Williams Syndrome Information

What is Williams Syndrome?

Williams Syndrome (or Williams-Beuren Syndrome) is a rare genetic disorder that is caused by the deletion of genetic material on chromosome 7. In more technical terms: Williams syndrome is the result of a deletion of the 7q11.23 region of chromosome #7 containing 26-28 genes, including the elastin gene. Elastin is the “marker gene” for Williams syndrome.

Williams Syndrome occurs in 1 in 7,500 to 1 in 20,000 births. The syndrome was first identified in 1961 by New Zealander J.C.P. Williams, but more is being understood and more information about Williams Syndrome is becoming available every year.

There are many symptoms that vary from person to person, however common there are some common medical problems, including cardiovascular disease, developmental delays, and learning challenges. That said, these medical problems often occur side by side with striking verbal abilities, highly social personalities, and an affinity for music.

There are different joys and challenges for each persona and family; some individuals are highly capable, living very independent lives; others need more assistance.

In Australia, we have access to some very useful early intervention and support services which can make a big difference to helping our WS members with their development, education and health.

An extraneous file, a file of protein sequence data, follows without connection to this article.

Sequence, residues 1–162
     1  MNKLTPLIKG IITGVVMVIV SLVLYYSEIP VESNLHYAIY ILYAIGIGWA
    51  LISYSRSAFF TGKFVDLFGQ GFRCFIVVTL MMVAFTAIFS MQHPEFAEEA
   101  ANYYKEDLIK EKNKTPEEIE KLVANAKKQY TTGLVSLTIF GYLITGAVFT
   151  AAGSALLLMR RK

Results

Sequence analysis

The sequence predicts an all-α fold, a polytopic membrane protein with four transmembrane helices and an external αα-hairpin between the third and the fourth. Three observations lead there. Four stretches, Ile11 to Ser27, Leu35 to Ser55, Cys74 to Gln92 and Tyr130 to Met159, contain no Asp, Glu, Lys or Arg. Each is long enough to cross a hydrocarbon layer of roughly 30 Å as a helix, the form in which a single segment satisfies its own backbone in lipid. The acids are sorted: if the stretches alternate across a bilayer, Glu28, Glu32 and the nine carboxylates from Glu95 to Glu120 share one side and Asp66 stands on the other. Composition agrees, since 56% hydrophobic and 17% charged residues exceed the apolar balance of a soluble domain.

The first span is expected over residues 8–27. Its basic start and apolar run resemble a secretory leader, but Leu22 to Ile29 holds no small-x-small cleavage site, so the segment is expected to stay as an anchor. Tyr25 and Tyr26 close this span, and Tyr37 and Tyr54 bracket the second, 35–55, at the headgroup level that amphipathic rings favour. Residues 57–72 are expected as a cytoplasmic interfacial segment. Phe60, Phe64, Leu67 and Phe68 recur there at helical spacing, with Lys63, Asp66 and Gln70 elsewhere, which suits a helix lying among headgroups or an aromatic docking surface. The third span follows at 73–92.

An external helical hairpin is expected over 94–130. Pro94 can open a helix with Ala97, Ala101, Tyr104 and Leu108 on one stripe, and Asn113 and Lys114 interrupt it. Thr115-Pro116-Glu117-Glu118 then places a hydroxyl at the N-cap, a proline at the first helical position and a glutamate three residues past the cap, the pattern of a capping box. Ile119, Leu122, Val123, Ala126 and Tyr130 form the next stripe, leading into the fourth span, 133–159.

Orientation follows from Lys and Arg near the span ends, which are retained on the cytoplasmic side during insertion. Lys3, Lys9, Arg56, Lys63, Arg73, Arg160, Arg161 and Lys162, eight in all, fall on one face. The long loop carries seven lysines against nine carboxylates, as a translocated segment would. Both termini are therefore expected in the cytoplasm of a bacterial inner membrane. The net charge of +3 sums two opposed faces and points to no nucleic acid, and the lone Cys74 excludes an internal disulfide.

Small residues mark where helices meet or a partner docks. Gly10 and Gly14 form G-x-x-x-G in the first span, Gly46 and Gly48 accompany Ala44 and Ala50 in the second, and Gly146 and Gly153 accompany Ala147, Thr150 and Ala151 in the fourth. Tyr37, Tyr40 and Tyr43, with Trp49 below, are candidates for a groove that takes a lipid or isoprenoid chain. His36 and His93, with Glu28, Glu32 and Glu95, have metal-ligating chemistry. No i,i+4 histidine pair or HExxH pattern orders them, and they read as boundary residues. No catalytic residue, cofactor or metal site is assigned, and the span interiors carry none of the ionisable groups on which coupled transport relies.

Diagnosing Williams Syndrome

Diagnosis During Pregnancy

Diagnosing Williams Syndrome during pregnancy can be difficult to pick up. The only way a diagnosis can be made during pregnancy is with the follow blood tests.


A laboratory can use the technique known as fluorescent in situ hybridization (FISH) to confirm the diagnosis of Williams syndrome. FISH is a type of specialized chromosome analysis utilizing specially prepared elastin probes. If a patient has 2 copies of the elastin gene (one on each of their chromosomes #7), they probably do not have WS. If the individual only has one copy, the diagnosis of WS will be confirmed.

The laboratory will need 5 ml of blood drawn in a Sodium heparin tube. Results are usually available in 2-4 weeks.

The FISH test is readily available at major hospitals and cytogenetics laboratories around the country, but it is not a routine test. Therefore, not all labs will do FISH-based diagnosis. Families or their physicians should call the lab in advance to make sure they can perform the test.


A chromosomal microarray is a newer and preferred diagnostic tool that uses millions of markers to determine if there are missing pieces or extra pieces of DNA anywhere in the person’s chromosomes.  This test is slower but gives more information about the missing piece of genetic material. The size of the deletion as well as the genes contained in the deletion are very important factors as they can offer clues to the severity of characteristics in an individual.

Diagnosis After Pregnancy

Lack of intervention at a young age is a serious issue for children. Due to its rarity, Williams Syndrome it is often left undiagnosed for long periods of time, which can result in failure to obtain the correct support and treatment required.